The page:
Isolate Devices

Not all IoT devices need to be connected to the same SSID. Devices such as smart printers, for example, can connect to a separate network than devices used to optimize production processes. With this network segmentation, you help ensure that only devices that need secure information have access to it. This reduces the chances of a hacker gaining access to confidential information by hacking a lower-level device and SSID.

Monitor all Devices

All devices should be monitored 24/7. You should always know exactly what is connected to your network and how it is utilizing the network. Regularly review any logs for unusual activity, such as strange login attempts. You should also monitor traffic to and from IoT devices. This can help you to identify any attempts by someone to use the device for something like unauthorized network access or a DoS attack.

Bolster and Simplify Security with WiFi Automation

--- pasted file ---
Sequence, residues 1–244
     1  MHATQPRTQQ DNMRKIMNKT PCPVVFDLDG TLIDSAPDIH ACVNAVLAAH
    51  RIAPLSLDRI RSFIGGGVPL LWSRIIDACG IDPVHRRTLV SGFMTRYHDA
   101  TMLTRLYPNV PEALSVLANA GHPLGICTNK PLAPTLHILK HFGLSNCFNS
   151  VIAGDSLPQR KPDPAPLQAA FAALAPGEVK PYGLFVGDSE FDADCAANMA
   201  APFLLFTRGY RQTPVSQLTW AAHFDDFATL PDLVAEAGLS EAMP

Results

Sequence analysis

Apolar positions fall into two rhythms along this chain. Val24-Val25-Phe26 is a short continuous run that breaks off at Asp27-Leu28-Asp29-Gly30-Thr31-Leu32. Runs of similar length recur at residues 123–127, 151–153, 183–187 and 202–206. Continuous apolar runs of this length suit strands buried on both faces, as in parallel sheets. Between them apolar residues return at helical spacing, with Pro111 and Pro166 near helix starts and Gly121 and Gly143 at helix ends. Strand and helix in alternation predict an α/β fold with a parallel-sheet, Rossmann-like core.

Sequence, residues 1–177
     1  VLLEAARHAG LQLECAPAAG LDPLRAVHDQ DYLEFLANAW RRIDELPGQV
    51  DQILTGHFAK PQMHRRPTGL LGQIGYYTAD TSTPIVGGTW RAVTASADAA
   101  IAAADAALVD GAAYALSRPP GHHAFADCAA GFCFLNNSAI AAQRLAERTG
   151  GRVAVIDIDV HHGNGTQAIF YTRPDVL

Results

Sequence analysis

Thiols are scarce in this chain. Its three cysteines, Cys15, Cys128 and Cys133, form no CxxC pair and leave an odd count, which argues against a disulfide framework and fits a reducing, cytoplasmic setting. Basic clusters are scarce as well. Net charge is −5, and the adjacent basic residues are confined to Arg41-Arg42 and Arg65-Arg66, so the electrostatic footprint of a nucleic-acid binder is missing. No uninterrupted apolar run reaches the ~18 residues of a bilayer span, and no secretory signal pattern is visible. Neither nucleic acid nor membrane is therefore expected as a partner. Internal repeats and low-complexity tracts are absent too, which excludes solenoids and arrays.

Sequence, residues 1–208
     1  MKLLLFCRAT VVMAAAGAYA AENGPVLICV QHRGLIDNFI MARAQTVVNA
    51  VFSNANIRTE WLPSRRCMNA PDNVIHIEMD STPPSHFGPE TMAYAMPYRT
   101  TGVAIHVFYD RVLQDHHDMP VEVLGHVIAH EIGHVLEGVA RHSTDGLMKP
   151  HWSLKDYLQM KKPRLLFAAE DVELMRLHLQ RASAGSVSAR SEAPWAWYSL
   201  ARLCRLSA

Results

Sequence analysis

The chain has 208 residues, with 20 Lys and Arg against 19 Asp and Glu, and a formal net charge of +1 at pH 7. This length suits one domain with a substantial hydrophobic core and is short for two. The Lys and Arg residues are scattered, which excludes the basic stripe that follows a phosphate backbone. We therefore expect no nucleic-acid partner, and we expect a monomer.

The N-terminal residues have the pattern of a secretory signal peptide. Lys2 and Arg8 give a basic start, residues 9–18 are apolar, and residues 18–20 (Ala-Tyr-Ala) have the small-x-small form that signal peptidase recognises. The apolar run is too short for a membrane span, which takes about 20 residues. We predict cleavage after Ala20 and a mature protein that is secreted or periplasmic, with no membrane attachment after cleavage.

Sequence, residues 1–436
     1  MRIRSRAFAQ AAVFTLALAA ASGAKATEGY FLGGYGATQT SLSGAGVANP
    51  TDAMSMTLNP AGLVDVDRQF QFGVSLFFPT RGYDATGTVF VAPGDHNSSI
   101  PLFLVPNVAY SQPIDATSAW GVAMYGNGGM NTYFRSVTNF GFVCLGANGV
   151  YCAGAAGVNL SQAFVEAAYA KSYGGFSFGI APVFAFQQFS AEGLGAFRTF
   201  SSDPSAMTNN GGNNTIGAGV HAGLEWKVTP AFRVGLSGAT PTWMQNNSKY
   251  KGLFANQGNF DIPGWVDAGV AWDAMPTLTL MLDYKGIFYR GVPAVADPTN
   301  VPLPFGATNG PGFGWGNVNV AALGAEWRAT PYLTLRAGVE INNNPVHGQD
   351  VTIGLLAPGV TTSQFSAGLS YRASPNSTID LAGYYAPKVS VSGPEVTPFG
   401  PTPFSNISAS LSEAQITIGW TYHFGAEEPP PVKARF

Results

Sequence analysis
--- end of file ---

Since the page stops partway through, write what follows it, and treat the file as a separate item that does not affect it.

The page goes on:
Keeping eyes on hundreds or thousands of IoT devices 24/7, in addition to monitoring every other element of the WiFi network ecosystem, is an incredible challenge. IT professionals can’t be everywhere at once, nor can they analyze millions of data packets a second – work that is needed to identify threats in real-time and assure network optimization. To get the support they need, the support required to protect business continuity, IT teams can use WiFi automation solutions.

Here’s how these solutions help support IoT and network security:

Constantly analyze network activity

These solutions automate the detection and notification of WiFi network issues. They analyze all network activity in real-time and will alert IT to any issues as soon as they are detected. With this support, IT can focus on other responsibilities, trusting that all devices – IoT and otherwise – are secure and performing as expected unless otherwise notified.

Identify real-time behavior and historical performance trends